WASHINGTON -- The New York Times swooned. Newsweek put it on its cover. Commentators everywhere expressed sorrowful dismay that Bush had not done it long ago.
Indeed, one has to admire it -- the most cynical and brilliantly delivered apology in recent memory: Richard Clarke using the nationally televised Sept. 11 commission hearings to address the families of the victims. ``Your government failed you, those entrusted with protecting you failed you and I failed you.''
Many were moved. I was not. For two reasons. First, the climactic confession ``I failed you'' -- the one that packed the emotional punch -- was entirely disingenuous. Clarke did the mea culpa then spent the next 2 1/2 hours of testimony -- as he did on every talk show known to man and in the 300 pages of his book -- demonstrating how everyone else except Richard Clarke had failed. And they failed because the stubborn, ignorant, ideologically blinkered, poll-driven knaves and fools he had been heroically fighting against in government would not listen to him.
Message: They failed you.
Second, by blaming the government for the deaths of their loved ones, Clarke deftly endorsed the grotesque moral inversion by which those who died on Sept. 11 are victims of ... George Bush. This is about as morally obscene as the implication (made by, among others, the irrepressible Howard Dean) that those who died in the Madrid bombings were also victims of George Bush.
This is false. They were all victims of al Qaeda and al Qaeda alone.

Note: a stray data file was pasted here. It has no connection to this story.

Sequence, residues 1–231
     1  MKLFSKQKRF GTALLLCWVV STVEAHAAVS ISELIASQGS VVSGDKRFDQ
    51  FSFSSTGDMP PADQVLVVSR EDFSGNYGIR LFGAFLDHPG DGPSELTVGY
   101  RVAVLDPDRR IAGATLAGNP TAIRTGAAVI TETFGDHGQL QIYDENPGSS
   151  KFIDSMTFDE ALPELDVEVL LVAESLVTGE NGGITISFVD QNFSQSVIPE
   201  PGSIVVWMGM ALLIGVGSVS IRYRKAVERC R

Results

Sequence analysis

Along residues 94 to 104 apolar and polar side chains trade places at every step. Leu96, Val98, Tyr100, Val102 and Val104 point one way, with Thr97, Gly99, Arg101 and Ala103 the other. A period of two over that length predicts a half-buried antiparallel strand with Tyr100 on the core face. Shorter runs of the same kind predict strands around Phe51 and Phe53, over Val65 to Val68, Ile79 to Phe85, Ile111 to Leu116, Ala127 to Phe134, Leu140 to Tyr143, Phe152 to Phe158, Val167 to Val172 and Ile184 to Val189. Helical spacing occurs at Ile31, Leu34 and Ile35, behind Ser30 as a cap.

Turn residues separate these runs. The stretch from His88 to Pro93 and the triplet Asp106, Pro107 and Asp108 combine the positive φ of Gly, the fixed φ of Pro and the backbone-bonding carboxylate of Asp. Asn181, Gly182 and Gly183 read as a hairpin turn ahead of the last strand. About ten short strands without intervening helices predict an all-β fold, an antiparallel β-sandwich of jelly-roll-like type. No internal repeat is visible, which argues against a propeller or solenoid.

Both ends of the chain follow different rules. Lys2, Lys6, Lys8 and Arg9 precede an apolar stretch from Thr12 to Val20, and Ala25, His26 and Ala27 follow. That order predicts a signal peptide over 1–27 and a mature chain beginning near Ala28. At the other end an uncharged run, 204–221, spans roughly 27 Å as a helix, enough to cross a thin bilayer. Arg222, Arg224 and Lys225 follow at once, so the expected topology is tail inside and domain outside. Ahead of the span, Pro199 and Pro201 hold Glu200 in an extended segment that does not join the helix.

Clinton did not apologize for Oklahoma City. Reagan did not apologize for the Beirut bombing. FDR did not apologize for Pearl Harbor. George Bush owes no apology. If an apology is owed, it is owed to the entire country and not just the families, and it is owed by the murderers who planned and carried out Sept. 11.
The most telling remark Clarke made in the entire hearing was one that did not make the cover of Newsweek.
SEN. SLADE GORTON: ``Assuming that the recommendations that you made on January 25th of 2001 ... had all been adopted say on January 26th, year 2001, is there the remotest chance that it would have prevented 9/11?"
Thus, doing everything demanded by the most hawkish, most prescient, most brilliant, most heroic, most swaggering antiterrorism chief in American history -- i.e. Clarke, in his own mind -- would not have prevented Sept. 11. Why then should the administration apologize?
Charles Krauthammer is a 1987 Pulitzer Prize winner, 1984 National Magazine Award winner, and a columnist for The Washington Post since 1985.
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